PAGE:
The automotive sector includes several types of companies besides auto manufacturers. Some of these companies focus on the component parts that go into cars and trucks. Other companies are responsible for vehicle sales, rentals or repairs.
Original Equipment Manufacturers
Three kinds of companies manufacture parts used in automotive manufacturing. Although automakers produce some of their own parts, they also buy auto parts from original equipment manufacturers (OEMs). These OEMs put together items such as seats and door handles. Companies in the rubber fabrication business, on the other hand, specialize in items such as tires, belts, hoses, wiper blades, and seals. About 75% of the world's natural rubber production goes into making tires.
Companies in the third area, replacement parts, produce and distribute aftermarket replacement components such as parking lights, brakes, clutches, air filters, and oil filters. The manufactured parts are distributed through parts wholesalers, parts stores such as Pep Boys and AutoZone, online auto parts warehouses, car dealerships, and auto repair shops. Many smaller auto repair shops also run gas stations on their premises to service the fuel needs of auto customers.
OEMs, replacement parts makers, and auto manufacturers, in turn, obtain materials from manufacturers of stainless steel, glass, and increasingly, lighter-weight aluminum and plastic. According to the American Chemical Council, plastic comprises about 50% of the construction of a new car. Items made out of plastic include door handles, dashboards, seat belts, air conditioner vents, and some engine parts.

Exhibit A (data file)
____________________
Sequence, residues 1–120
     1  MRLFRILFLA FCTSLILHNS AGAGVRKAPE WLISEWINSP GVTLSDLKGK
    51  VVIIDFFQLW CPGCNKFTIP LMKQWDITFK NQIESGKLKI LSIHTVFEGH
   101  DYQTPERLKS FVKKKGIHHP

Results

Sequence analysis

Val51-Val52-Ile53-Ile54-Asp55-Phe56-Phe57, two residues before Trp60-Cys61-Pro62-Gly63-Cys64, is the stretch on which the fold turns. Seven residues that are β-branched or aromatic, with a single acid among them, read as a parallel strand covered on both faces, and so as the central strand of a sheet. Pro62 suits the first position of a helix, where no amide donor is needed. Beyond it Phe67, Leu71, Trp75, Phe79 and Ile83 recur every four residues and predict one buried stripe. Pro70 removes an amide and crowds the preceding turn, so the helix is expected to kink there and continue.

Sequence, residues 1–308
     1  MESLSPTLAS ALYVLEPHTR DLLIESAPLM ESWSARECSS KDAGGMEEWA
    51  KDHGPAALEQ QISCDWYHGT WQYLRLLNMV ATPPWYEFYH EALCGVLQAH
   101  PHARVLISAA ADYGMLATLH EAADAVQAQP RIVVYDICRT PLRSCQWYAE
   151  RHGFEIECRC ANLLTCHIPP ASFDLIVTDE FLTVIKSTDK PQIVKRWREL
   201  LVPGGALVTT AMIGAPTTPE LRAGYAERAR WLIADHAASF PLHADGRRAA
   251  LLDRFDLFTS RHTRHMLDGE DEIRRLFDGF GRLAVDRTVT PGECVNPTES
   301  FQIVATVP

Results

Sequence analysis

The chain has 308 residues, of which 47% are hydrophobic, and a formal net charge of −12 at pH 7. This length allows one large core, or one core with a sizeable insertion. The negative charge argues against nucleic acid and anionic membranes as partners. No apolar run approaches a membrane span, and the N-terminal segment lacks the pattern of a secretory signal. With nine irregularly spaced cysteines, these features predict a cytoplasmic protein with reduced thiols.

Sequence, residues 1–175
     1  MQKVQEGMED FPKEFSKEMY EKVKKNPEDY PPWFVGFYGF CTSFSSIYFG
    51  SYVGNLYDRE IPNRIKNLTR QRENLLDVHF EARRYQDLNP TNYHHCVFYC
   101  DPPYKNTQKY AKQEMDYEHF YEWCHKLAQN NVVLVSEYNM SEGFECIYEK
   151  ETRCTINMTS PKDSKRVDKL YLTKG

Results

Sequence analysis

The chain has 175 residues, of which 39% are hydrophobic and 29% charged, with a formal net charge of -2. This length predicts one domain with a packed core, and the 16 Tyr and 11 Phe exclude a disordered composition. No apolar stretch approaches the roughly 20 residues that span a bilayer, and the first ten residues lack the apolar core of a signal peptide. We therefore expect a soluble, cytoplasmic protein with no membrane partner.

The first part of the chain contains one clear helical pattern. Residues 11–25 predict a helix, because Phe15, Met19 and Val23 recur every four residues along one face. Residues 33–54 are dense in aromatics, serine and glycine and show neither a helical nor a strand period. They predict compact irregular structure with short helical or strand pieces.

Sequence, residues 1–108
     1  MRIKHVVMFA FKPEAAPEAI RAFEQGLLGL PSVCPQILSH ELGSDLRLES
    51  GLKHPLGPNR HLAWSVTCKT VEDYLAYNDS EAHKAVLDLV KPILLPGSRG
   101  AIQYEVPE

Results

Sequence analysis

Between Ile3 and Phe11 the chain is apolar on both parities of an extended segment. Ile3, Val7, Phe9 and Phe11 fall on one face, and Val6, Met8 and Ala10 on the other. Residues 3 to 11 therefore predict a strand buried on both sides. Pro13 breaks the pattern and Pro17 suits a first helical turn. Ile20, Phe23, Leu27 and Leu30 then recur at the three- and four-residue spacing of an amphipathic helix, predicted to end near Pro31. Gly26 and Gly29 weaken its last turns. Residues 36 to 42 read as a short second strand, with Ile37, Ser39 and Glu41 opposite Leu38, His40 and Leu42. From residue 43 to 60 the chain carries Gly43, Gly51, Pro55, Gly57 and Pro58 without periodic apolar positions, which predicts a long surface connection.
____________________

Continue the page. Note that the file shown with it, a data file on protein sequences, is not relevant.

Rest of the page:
Electronic Car Component Manufacturers
The advent of electric cars has given rise to new types of car components. These include electric motors, lithium batteries, chargers and controllers, a type of mechanism that serves as a floodgate between the motor and the batteries. The electric car components are used by auto manufacturers as well as by a smattering of consumer enthusiasts who are converting their existing vehicles to run on electricity. Electric car components are distributed through specialists such as EV West.
Dealerships and Rental Agencies
New and used vehicles are sold at retail through car dealerships. Dealerships also help consumers obtain auto loans through financial institutions. Dealers typically accept trade-ins of preowned vehicles toward the purchase of new cars. Like auto repair shops, dealerships also diagnose and fix mechanical problems, perform emissions inspections, do bodywork and conduct routine maintenance services. When vehicles have been damaged in accidents, mechanical repairs and bodywork are often covered by auto insurance firms.
Rental car agencies buy fleets of vehicles from auto manufacturers at discount and then rent or lease the cars and trucks to consumers and businesses. Sometimes, they make arrangements to return the vehicles to manufacturers after a specified time period, although this practice has become less frequent in light of the more-careful market planning that has accompanied auto industry recovery since the financial crisis.
Traditionally, the vehicles bought back by auto manufacturers are then resold through used car dealerships. Alternatively, they are recycled through wholesale car auctions. When a vehicle reaches the end of its life cycle, its components are sometimes resold by used parts suppliers.